The Eurasian Future


The next Asia Scotland Institute event will be on Thursday 28th July to discuss “The Eurasian Future – War in Europe, China Rising & the decline of Russia” with Fiona Hill, Senior Fellow in the Centre on the United States and Europe in the Foreign Policy program at Brookings.

Ms. Hill is an exceptional achiever whose career took her to become Deputy Assistant to the President and Senior Director for European and Russian affairs on the US National Security Council, where she was responsible for interagency interactions relating to Europe, the European Union, NATO, Russia, Turkey, and the situation in Ukraine from 2017 to 2019. From 2006 to 2009, she served as National Intelligence Officer for Russia and Eurasia at The National Intelligence Council.

She is author of “There Is Nothing for You Here: Finding Opportunity in the 21st Century” and co-author of “Mr. Putin: Operative in the Kremlin” (Brookings Institution Press, 2015). From 1991 to 1999, she held a number of positions directing technical assistance and research projects at Harvard University’s John F. Kennedy School of Government, including Associate Director of the Strengthening Democratic Institutions Project, Director of the Project on Ethnic Conflict in the Former Soviet Union, and coordinator of the Trilateral Study on Japanese-Russian-U.S. Relations.

The discussion with Fiona Hill will focus on Eurasia, an increasingly important area of the world as China expands its economic and political influence through the Belt and Road Initiative and Russia wages war as it fails economically. The Russian invasion of Ukraine has thrown Europe into crisis with around 12 million refugees from Ukraine, and also had an impact on the global economy. Political relations in Asia have been more tense with speculation that the People’s Republic of China could be emboldened to take military action against Taiwan.

The war in Ukraine with Russia remains the most critical issue confronting the world at the moment as it has not only destabilised Europe but had a contributory effect on global supply chains. Russia and Ukraine are the world’s top exporters of wheat (29% of global exports), corn (15%) and sunflower oil (69%), which have all been disrupted because of the war, causing significant supply shortages and price increases.

Fiona Hill has been speaking about the long-term impact of the Ukraine war and how the current conflict relates to the long-term competition with Russia since the Cold War. Interviewed by Foreign Affairs, Fiona Hill said that “we’re already in World War III in terms of this being an epoch-making conflict. There’s an information war. Russia has already annexed territory. World War I wasn’t a nuclear war, but there was the using of mustard gas and chlorine. Putin has already used Novichok, polonium, and all kinds of other chemical weapons aiding and abetting [Syrian President] Bashar al-Assad. We’ve been in this for a very long time. Putin takes us on these historical magical mystery tours all the time for justification. Sometimes he blames NATO, sometimes he blames the European Union. And then he’s always trying to find the hot-button issues that he can press to scare people.” Clearly there is no easy way to deal with Putin.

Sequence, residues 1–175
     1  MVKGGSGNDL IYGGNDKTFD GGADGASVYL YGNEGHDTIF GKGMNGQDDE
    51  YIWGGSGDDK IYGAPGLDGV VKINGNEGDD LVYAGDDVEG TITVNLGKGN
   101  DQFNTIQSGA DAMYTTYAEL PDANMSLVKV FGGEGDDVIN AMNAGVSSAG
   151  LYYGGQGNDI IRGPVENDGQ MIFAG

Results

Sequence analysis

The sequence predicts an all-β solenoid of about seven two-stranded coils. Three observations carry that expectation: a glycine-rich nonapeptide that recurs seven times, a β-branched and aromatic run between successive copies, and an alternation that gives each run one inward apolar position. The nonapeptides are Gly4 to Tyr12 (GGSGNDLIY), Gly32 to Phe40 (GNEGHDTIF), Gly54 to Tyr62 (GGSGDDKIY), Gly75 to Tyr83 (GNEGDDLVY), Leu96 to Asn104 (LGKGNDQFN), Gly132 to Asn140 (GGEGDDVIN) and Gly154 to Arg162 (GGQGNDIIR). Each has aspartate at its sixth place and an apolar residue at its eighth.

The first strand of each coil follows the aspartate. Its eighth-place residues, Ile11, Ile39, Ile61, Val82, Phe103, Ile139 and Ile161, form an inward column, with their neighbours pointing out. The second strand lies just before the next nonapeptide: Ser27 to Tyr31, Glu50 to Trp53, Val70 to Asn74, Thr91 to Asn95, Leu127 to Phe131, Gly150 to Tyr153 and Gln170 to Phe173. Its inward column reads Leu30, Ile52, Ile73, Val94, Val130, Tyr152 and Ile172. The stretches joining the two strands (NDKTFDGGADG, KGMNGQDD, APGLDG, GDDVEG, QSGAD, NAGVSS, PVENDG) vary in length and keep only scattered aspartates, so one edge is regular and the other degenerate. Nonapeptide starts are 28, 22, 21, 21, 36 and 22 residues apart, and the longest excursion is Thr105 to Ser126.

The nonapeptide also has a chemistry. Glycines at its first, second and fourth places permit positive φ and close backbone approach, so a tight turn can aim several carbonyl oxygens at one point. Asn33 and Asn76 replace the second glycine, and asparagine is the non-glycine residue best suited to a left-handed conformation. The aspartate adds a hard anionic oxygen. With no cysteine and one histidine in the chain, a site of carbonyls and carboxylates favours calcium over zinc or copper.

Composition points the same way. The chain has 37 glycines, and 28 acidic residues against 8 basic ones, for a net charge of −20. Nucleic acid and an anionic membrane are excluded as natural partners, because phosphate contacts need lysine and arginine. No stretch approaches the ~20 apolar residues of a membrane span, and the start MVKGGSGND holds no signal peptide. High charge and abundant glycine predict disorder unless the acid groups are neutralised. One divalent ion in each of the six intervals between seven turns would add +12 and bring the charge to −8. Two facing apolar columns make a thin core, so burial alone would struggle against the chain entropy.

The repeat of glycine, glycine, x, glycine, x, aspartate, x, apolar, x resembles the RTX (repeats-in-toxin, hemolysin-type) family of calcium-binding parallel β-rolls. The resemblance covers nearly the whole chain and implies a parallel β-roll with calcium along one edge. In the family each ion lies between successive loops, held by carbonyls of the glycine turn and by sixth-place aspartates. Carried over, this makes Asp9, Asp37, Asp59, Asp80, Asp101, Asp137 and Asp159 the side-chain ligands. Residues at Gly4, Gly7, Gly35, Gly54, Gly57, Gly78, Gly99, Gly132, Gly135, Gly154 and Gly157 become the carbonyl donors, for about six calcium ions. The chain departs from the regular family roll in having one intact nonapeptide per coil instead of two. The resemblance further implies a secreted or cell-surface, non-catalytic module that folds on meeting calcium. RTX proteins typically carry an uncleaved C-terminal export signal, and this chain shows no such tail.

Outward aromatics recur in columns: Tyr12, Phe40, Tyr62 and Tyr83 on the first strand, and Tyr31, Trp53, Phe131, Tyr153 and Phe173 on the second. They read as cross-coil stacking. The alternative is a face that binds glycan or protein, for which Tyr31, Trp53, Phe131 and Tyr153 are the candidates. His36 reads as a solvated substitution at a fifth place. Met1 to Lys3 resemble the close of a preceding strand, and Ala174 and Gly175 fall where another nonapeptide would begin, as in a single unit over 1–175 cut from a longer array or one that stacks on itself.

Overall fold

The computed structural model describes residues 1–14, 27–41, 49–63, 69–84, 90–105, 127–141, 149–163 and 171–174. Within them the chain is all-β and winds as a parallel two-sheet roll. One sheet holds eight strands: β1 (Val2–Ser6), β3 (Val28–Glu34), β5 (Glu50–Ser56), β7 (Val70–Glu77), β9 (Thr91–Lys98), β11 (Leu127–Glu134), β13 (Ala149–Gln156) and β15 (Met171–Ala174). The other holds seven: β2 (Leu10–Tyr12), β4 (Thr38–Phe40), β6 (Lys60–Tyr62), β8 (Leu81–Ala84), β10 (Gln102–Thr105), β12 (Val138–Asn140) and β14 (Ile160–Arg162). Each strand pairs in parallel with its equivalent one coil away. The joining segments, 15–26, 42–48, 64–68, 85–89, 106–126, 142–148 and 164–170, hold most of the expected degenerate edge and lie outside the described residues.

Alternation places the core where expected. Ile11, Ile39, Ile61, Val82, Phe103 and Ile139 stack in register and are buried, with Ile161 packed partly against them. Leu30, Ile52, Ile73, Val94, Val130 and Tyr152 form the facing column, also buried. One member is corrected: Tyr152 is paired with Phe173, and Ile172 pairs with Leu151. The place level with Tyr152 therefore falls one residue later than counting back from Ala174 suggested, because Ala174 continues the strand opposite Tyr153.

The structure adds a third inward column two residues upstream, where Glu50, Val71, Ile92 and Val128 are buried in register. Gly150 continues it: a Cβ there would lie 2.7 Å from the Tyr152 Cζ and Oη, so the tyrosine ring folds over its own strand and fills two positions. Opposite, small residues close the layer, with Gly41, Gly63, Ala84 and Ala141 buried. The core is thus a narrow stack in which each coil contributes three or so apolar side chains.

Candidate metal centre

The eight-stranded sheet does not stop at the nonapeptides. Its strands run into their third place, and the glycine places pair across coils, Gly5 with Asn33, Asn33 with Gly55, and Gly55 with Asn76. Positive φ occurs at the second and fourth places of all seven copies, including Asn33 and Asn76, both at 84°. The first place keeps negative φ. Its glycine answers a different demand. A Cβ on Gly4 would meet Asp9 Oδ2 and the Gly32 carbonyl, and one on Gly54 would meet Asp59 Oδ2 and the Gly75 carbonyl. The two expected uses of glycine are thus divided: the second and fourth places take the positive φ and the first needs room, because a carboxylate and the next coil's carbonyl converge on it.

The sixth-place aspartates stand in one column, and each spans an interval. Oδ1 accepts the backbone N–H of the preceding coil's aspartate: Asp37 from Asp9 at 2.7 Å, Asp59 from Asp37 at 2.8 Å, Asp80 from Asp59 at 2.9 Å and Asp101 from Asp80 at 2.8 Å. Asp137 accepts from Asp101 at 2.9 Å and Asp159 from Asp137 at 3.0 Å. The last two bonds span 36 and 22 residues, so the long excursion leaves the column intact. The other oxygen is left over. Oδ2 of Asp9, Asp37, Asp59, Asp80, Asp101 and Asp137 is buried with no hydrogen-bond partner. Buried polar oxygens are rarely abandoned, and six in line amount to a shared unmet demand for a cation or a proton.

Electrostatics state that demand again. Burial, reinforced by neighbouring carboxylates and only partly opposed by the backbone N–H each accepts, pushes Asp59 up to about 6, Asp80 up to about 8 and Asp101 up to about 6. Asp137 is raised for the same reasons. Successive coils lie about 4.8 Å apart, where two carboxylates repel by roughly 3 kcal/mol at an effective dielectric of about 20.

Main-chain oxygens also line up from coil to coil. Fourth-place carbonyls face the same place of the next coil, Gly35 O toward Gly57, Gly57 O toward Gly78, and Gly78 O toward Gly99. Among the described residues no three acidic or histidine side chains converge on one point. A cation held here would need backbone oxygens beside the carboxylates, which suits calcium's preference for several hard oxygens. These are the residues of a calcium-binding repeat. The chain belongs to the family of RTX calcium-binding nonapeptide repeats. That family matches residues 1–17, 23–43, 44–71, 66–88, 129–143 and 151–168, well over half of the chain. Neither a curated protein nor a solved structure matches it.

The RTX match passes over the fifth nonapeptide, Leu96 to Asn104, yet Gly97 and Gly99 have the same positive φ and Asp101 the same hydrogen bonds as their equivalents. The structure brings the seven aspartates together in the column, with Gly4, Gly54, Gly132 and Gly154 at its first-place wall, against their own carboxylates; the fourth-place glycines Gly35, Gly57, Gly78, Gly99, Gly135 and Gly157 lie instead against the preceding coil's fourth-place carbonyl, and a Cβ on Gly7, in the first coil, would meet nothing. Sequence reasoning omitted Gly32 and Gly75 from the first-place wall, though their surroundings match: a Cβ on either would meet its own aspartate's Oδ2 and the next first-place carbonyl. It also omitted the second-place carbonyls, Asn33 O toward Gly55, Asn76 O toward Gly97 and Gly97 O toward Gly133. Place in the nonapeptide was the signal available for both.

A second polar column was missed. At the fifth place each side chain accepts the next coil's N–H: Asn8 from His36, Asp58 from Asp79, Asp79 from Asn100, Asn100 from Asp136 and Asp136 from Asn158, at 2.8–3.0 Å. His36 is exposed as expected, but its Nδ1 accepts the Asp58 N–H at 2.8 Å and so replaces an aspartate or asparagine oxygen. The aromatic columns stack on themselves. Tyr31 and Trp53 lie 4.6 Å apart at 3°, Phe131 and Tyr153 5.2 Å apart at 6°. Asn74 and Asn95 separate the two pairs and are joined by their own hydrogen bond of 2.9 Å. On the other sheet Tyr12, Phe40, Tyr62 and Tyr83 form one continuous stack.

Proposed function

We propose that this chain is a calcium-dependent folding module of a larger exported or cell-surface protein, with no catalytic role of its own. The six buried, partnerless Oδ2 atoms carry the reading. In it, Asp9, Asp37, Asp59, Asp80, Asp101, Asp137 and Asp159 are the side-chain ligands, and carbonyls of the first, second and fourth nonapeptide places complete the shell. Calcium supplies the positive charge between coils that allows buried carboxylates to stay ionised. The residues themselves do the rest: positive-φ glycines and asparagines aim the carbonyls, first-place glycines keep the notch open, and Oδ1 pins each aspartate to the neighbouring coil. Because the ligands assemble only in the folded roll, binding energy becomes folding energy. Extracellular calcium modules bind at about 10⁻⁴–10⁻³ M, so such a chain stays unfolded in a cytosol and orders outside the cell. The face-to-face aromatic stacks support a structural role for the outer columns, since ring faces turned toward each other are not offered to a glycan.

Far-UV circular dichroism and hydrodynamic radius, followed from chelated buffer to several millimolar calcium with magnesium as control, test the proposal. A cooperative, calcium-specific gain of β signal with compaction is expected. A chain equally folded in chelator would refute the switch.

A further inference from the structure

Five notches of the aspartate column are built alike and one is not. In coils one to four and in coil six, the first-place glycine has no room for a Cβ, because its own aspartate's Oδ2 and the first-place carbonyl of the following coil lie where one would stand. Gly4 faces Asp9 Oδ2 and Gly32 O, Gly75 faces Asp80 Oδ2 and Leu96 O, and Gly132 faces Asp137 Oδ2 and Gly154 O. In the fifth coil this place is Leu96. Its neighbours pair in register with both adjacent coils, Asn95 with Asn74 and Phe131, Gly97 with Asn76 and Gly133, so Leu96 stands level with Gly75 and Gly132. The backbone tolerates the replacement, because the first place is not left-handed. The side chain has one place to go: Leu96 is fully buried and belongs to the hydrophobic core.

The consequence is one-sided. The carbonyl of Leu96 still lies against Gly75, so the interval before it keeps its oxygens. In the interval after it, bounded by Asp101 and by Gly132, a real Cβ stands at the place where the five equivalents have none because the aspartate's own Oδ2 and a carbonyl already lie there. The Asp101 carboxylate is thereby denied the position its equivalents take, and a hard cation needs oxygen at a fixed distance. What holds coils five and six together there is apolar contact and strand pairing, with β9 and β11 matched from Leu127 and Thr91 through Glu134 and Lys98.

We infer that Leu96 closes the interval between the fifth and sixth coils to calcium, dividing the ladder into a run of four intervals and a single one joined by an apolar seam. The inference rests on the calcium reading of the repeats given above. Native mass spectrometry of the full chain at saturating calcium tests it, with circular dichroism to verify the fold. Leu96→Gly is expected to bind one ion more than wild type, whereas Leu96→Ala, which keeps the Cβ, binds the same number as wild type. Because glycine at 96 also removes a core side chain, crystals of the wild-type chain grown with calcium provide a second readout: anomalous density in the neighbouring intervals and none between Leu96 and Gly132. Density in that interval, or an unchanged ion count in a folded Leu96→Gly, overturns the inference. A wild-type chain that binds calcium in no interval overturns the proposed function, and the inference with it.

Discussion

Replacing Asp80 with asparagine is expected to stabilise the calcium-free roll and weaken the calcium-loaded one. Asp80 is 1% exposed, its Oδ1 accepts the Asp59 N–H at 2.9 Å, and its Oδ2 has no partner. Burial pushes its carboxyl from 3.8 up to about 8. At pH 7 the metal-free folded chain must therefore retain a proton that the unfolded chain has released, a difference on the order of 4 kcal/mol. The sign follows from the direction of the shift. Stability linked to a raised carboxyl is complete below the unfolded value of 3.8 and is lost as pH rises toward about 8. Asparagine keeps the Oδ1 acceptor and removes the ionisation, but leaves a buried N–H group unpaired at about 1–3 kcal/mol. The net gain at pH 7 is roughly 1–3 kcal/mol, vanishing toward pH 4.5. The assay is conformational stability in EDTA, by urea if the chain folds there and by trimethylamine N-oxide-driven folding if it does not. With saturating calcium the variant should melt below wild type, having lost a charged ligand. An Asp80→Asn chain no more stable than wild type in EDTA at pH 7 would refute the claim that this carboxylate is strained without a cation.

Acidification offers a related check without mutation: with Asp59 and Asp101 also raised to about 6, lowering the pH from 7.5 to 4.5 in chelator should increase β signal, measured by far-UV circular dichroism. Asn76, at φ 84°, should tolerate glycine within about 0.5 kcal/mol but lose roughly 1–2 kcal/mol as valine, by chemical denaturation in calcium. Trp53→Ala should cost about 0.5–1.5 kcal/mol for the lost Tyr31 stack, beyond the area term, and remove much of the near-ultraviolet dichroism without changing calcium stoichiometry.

In Newsweek, Hill has stated that “we’ve been in a state of war…for quite some time, certainly going back to at least 2004 in the wake of the Ukrainian so-called Orange Revolution and Russia’s reactions to it… I think we actually could probably even question whether we really were in the state of peace that we thought we were at the end of the Cold War, when we did still have a lot of contestations of the outcomes of that period.”

Interviewed by Politico, Hill explained what the war in Ukraine really means for the global rules based international order: “Ukraine has become the front line in a struggle, not just for which countries can or cannot be in NATO, or between democracies and autocracies, but in a struggle for maintaining a rules-based system in which the things that countries want are not taken by force. Every country in the world should be paying close attention to this. Yes, there may be countries like China and others who might think that this is permissible, but overall, most countries have benefited from the current international system in terms of trade and economic growth, from investment and an interdependent globalized world. This is pretty much the end of this. That’s what Russia has done.”

And so, with that comment we come to the question of how China is impacted by the changing Eurasian situation. Talking to Insider, Fiona Hill explained that the Ukraine war is a transformative event with the potential to spark other conflicts around the world: “It’s shaping a whole set of interactions…Putin running around to Turkey and Iran and reaching out to China for support.” It is not yet clear what is the impact of the war on the relationship between Russia and China. President Xi Jinping has described Russia as China’s “best friend”, but much of the common interest in the relationship seems to be anti-Americanism. Both countries have more complex geopolitical interests. Even the so-called agreement to allow the shipment of grain from Ukraine appears to have been violated within hours of its signing by Russia’s attack on Odesa.

To find out more about what the Eurasian future holds, listen to Fiona Hill at the Asia Scotland Institute on Thursday 28th July.